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Contemp Clin Dent. 2015 Apr-Jun;6(2):215-22. doi: 10.4103/0976-237X.156050.

Evaluation of anxiety, depression and suicidal intent in undergraduate dental students: A cross-sectional study.

Author information

1
Department of Psychiatry, MM Institute of Medical Sciences and Research, Mullana, Ambala, Haryana, India.
2
Department of Periodontics, MM College of Dental Sciences and Research, Mullana, Ambala, Haryana, India.

Abstract

BACKGROUND:

There is an increasing amount of stress in undergraduate dental students leading to anxiety, depression, and suicidal attempts/suicide.

AIMS:

This study aims to evaluate anxiety, depression and suicidal intent in undergraduate dental students and to find out the various areas of stress.

MATERIALS AND METHODS:

A cross-sectional study was conducted using a semi-structured questionnaire (to assess academic and nonacademic areas of stress) and three scales-Hamilton scale for anxiety (HAM-A); Hamilton depression rating scale (HDRS) and Beck's Suicide Intent Scale (BSI). Descriptive statistics; Pearson's Chi-square test; Multiple ANOVA; Kruskal-Wallis test and Mann-Whitney test were used to analyze the data at the significant level of P ≤ 0.05.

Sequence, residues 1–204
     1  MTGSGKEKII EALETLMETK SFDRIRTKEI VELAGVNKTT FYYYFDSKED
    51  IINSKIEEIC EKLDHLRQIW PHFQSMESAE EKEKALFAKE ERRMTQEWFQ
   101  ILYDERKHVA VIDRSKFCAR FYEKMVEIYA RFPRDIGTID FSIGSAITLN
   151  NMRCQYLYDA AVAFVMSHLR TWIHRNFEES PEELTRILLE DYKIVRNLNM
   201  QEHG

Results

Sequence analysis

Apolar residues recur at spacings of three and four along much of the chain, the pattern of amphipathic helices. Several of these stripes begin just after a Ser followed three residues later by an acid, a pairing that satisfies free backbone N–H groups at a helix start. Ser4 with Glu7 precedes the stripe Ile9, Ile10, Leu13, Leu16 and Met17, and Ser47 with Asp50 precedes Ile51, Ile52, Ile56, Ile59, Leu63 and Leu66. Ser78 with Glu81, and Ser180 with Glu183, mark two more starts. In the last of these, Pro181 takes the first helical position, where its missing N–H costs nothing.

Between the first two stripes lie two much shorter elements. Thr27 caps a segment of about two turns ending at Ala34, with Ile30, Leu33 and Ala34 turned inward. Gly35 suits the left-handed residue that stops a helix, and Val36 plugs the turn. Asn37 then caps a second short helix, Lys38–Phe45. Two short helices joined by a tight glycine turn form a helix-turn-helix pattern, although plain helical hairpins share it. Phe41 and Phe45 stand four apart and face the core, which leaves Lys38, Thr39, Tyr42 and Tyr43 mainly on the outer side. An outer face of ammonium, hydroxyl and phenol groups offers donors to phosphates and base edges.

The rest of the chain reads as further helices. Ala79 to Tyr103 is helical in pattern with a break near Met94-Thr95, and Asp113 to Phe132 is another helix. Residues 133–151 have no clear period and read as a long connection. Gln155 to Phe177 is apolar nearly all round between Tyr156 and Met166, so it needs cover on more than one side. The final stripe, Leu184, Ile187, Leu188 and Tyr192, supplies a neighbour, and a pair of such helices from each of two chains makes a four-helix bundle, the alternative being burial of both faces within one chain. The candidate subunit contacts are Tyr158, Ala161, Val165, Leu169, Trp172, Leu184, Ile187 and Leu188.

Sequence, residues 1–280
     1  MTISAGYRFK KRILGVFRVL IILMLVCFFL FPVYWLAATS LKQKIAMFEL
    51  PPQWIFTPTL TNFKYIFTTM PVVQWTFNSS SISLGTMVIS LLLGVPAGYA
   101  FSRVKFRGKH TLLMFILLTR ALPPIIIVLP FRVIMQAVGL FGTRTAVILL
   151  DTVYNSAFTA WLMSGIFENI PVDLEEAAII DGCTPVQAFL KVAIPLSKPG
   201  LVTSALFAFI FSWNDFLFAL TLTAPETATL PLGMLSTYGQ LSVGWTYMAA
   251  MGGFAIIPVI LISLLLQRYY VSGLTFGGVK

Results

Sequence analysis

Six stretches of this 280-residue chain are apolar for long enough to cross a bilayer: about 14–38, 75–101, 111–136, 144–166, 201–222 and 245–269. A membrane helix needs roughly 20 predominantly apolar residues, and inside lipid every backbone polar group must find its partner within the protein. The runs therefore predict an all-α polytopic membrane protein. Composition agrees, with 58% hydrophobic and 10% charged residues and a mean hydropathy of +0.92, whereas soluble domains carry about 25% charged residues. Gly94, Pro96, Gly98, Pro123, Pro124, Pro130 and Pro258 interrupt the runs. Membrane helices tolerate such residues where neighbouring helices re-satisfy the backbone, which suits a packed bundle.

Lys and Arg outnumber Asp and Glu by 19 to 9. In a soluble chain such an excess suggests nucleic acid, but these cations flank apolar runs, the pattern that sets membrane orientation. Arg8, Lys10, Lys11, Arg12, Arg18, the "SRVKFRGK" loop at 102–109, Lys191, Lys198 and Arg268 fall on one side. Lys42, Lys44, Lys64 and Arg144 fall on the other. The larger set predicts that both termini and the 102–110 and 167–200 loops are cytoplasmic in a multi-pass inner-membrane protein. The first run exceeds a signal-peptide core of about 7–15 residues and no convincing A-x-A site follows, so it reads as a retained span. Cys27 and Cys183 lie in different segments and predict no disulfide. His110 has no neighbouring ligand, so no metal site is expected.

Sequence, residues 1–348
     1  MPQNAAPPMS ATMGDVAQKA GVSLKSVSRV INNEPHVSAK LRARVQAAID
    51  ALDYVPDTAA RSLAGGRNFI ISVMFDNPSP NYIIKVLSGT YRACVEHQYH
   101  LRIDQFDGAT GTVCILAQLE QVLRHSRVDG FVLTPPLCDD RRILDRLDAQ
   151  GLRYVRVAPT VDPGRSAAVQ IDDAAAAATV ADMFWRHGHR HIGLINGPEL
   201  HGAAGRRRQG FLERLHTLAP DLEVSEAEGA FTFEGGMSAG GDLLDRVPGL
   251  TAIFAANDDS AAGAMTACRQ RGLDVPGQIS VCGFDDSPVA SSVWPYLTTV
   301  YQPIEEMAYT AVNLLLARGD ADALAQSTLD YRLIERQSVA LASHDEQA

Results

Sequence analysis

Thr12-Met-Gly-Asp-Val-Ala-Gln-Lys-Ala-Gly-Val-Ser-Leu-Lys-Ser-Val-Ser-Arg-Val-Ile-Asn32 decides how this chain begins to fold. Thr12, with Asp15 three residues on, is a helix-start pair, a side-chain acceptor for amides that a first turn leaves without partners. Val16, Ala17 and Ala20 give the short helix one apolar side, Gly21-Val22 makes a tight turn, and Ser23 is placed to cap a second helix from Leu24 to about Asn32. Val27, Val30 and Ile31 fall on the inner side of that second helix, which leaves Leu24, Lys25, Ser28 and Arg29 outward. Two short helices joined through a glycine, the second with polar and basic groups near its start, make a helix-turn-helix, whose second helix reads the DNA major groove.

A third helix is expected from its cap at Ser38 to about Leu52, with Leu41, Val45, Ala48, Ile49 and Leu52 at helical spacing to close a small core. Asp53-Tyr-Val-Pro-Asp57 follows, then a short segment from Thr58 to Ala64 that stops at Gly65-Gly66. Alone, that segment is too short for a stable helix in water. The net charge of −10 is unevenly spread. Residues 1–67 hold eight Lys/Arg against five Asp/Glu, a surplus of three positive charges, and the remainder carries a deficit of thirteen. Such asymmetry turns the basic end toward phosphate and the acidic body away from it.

RESULTS:

In a total of 258 dental undergraduate students, academic areas of stress that were found to be statistically significant were long teaching hours (P = 0.002); high workload (P ≤ 0.001); frequency of tests (P ≤ 0.001) and competition/fear of failure (P = 0.009). Lack of interest in the profession was a statistically significant nonacademic area for stress (P ≤ 0.001). The students of first and final year reported higher anxiety (HAM-A 13.93 ± 6.908 and 16.44 ± 7.637 respectively) and depression (HDRS 14.29 ± 6.302 and 14.22 ± 5.422); whereas suicidal intent was reported almost the same throughout the study sample (BSI 5.65 ± 5.465).

CONCLUSION:

An increasing level of anxiety, depression and suicidal intent due to various stressors in undergraduate dental students indicate a need to modify current education system and timely help to have psychological healthy dental professionals in future.

KEYWORDS:

Academic stress; anxiety; dental students; depression; nonacademic stress; suicidal intent

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